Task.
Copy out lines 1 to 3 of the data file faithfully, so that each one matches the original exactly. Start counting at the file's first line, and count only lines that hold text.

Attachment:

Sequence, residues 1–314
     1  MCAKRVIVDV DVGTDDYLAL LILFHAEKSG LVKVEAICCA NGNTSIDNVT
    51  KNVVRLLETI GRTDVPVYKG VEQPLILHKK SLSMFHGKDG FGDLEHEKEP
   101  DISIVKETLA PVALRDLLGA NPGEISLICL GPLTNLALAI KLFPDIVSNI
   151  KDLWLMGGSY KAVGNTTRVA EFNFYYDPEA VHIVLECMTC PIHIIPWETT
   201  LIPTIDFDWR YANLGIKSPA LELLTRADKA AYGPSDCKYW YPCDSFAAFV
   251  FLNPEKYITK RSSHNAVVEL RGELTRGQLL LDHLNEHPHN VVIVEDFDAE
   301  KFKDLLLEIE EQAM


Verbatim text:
Sequence, residues 1–314
     1  MCAKRVIVDV DVGTDDYLAL LILFHAEKSG LVKVEAICCA NGNTSIDNVT
    51  KNVVRLLETI GRTDVPVYKG VEQPLILHKK SLSMFHGKDG FGDLEHEKEP